Since the dawn of mankind the sun and the moon have been dominant but little-understood phenomena. Today we know that the Earth revolves around the sun and the moon around the Earth. Clear lights were dominated by a bright, starry sky, because there was no light pollution and the Milky Way was clearly visible as a bright band of stars. Only in modern times did it become clear that the Milky Way is nothing more than part of the enormous solar system to which our sun also belongs.
People started to interpret groups of stars that were close to each other in the firmament (but that in reality rarely had anything to do with each other) as constellations. Amidst the stable picture of constellations there were some individual stars. Only much later did it become evident that these ‘wandering stars’ are the planets which, like the Earth, revolve around the sun. Planets themselves do not emit light but reflect the light from the sun. The brightest were the Morning and Evening Star, of which it was discovered only much later that they are one and the same planet: Venus. The weaker ‘star’ Mercury was mentioned by the Babylonians as early as 3000 BC. Mars (the red planet), Jupiter and Saturn were also recognized in Ancient times. All these planets are visible with the naked eye. Weaker planets were observed thanks to the development of the telescope: Uranus in 1781, Neptune in 1846 and Pluto in 1930. However, in 2006 Pluto was downgraded to a dwarf planet, of which more were found, even further away than Pluto.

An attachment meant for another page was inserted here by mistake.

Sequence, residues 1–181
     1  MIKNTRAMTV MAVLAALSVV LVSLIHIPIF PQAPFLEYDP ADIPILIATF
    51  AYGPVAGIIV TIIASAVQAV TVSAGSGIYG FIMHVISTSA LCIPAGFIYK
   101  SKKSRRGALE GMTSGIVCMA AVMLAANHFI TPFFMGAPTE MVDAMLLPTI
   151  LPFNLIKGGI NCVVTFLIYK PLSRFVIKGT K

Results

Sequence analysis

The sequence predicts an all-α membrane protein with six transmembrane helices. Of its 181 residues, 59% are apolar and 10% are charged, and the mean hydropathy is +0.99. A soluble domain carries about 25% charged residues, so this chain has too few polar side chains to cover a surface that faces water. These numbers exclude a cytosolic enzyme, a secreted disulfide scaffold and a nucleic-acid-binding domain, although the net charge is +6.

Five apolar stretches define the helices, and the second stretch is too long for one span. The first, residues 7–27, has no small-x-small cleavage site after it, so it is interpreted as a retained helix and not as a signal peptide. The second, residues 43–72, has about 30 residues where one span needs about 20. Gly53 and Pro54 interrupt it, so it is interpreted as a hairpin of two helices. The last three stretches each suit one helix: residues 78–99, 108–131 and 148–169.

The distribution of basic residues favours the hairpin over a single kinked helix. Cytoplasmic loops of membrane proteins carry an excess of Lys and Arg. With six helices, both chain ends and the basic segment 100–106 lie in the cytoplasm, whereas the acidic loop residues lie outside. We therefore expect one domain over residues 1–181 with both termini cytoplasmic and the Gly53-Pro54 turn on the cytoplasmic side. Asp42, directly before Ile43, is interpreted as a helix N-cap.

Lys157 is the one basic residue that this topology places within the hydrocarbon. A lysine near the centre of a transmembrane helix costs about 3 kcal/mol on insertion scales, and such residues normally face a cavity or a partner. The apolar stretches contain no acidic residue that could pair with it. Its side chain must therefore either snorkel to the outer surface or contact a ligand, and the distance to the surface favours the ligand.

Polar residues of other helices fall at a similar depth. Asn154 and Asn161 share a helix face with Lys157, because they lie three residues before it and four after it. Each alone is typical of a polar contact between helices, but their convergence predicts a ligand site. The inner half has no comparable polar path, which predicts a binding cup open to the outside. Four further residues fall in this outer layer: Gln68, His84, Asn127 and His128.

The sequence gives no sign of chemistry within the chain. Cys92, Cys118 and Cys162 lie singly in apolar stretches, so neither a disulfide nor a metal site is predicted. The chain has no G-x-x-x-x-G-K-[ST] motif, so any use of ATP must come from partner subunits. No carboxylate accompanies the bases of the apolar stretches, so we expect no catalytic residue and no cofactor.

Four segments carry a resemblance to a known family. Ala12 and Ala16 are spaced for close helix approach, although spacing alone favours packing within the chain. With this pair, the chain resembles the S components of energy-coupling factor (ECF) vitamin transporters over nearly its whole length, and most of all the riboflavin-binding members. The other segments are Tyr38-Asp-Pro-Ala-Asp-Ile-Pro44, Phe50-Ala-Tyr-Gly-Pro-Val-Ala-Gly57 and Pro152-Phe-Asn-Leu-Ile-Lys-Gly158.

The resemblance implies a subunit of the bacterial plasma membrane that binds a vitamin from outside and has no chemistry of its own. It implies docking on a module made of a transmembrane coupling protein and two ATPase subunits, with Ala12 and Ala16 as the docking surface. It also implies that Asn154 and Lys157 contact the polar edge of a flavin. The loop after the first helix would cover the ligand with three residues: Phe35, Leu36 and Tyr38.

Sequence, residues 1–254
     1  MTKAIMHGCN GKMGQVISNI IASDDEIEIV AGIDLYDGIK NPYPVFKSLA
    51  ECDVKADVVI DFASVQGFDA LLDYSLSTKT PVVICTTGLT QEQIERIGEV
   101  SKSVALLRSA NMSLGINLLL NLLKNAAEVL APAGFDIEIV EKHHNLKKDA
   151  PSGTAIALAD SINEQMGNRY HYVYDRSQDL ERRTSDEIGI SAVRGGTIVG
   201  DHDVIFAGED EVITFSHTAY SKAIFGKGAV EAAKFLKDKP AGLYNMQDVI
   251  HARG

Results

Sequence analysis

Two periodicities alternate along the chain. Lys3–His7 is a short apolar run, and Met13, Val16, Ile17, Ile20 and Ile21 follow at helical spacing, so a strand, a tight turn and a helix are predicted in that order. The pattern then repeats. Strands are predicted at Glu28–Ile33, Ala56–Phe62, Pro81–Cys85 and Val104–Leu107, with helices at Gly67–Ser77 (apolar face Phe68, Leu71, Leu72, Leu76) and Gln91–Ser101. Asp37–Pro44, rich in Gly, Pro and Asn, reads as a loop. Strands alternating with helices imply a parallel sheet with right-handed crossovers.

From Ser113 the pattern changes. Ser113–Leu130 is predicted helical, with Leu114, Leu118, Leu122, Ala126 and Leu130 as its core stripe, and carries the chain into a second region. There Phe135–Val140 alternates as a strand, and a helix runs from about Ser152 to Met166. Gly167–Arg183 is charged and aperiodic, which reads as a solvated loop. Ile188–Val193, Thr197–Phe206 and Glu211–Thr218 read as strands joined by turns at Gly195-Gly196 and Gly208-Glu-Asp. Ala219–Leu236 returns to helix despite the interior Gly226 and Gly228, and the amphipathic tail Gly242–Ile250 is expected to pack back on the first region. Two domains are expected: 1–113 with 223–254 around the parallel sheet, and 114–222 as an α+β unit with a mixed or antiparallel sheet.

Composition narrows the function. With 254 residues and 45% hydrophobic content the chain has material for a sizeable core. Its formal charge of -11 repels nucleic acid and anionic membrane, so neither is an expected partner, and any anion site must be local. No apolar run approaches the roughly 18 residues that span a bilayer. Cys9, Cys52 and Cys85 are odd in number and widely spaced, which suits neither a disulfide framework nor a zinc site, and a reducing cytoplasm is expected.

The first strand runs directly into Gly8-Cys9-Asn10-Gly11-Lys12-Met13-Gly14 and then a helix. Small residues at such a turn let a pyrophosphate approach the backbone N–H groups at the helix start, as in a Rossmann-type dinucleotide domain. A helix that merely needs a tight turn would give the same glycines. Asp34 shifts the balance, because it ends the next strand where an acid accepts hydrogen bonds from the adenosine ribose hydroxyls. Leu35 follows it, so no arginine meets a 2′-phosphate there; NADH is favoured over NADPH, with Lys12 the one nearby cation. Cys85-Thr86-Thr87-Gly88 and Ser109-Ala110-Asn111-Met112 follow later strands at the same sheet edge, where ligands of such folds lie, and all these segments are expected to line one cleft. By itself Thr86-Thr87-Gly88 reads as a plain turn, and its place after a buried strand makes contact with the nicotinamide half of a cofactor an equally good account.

Thanks to the old Greeks like Plato, Aristotle and Ptolemaeus we knew how all of these celestial bodies moved in relation to each other: the Earth - they thought - was the centre of the universe and the other celestial bodies revolved around the Earth, the geocentric model. The ruling classes elevated this standpoint to a dogma, which made it hazardous to suggest a different model, as Galileo discovered to his detriment. However, the truth could not remain suppressed forever and the heliocentric model - which is mostly associated with the names of Copernicus (1473-1543) and Johannes Kepler (1571-1630) - eventually became universally accepted: the planets, and therefore the Earth as well, revolve around the sun. The trajectory of the Earth (and of the other planets) is not perfectly circular, but the deviation is minor. The movements of the celestial bodies are described by elementary laws of physics and can be duplicated with the aid of cog wheels.